Hyperbaric Oxygen And Insomnia
The group found that when they administer oxygen, the subjects’ brains switch out of active sleep, and remain in a deactivated, slow-wave state the entire time. Interestingly, when the demonstrators removed the oxygen, the brain started cycling back through active, or rapid-eye-movement sleep again.
Deactivated or slow wave sleep is the deepest stage of sleep, during which the brain oscillated at a very slow, once-per-second rhythm. This stage is where metabolites are cleared from the brain and proteins re-form. Slow-wave sleep seems to be especially suited to recovery for both the brain and body. Slow-wave sleep also plays a role in memory consolidation.
The research highlights the potential for oxygen for humans in a clinical setting. Hyperbaric oxygen chambers could therefore be used to enhance slow-wave states during sleep to ensure that individuals who may have disrupted sleep are getting enough of the restorative, slow-wave sleep.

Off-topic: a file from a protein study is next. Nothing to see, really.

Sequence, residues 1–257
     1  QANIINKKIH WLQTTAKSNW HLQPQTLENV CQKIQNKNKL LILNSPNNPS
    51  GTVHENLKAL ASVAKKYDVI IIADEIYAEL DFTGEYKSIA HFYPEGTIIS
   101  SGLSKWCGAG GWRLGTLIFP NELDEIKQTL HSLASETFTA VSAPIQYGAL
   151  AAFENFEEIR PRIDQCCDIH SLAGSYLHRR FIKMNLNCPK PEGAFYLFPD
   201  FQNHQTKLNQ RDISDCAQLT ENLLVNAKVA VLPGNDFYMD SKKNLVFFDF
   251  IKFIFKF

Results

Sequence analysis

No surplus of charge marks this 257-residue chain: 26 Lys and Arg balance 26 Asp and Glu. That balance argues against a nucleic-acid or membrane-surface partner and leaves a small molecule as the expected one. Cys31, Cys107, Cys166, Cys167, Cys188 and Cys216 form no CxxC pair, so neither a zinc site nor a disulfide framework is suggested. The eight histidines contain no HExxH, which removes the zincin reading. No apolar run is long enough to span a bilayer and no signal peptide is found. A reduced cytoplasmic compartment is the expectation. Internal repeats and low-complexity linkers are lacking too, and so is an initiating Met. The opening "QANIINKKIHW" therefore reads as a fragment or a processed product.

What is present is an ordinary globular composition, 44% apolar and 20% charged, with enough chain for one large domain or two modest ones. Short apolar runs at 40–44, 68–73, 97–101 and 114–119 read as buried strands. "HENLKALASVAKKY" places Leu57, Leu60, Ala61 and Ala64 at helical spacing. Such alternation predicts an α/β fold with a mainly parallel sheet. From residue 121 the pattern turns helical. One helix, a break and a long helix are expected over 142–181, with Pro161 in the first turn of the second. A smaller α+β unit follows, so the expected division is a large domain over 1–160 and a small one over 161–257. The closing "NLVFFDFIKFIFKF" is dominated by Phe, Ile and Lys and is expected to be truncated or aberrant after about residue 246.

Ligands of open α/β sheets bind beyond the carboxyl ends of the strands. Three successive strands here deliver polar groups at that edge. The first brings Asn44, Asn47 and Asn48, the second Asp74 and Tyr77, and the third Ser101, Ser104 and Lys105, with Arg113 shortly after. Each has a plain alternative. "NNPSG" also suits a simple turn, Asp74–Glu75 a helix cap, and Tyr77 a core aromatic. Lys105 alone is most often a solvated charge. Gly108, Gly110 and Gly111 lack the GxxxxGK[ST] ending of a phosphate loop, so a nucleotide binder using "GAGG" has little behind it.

Long et al. conducted a study assessing the efficacy of hyperbaric oxygen in alleviating sleep disorders in children with cerebral palsy. A total of 71 children were recruited for the study and divided into two groups based on age. The data concluded that the total sleep items were significantly different pre-HBO and post-HBO and that hyperbaric oxygen is beneficial to improve sleep and safe for children with cerebral palsy.
View the Studies
Hyperoxia enhances slow-wave forebrain states in urethane-anesthetized and naturally sleeping rats.
Resting easy: Oxygen promotes deep, restorative sleep